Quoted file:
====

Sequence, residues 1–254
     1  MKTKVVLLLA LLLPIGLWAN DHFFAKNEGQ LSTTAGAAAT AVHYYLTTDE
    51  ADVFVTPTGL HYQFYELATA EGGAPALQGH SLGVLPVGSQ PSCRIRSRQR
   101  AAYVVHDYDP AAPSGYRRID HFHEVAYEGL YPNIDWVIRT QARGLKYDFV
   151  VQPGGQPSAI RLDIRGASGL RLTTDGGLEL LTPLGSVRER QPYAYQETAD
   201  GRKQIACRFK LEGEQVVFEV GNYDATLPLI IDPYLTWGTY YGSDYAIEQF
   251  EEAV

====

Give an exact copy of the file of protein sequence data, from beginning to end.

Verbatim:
Sequence, residues 1–254
     1  MKTKVVLLLA LLLPIGLWAN DHFFAKNEGQ LSTTAGAAAT AVHYYLTTDE
    51  ADVFVTPTGL HYQFYELATA EGGAPALQGH SLGVLPVGSQ PSCRIRSRQR
   101  AAYVVHDYDP AAPSGYRRID HFHEVAYEGL YPNIDWVIRT QARGLKYDFV
   151  VQPGGQPSAI RLDIRGASGL RLTTDGGLEL LTPLGSVRER QPYAYQETAD
   201  GRKQIACRFK LEGEQVVFEV GNYDATLPLI IDPYLTWGTY YGSDYAIEQF
   251  EEAV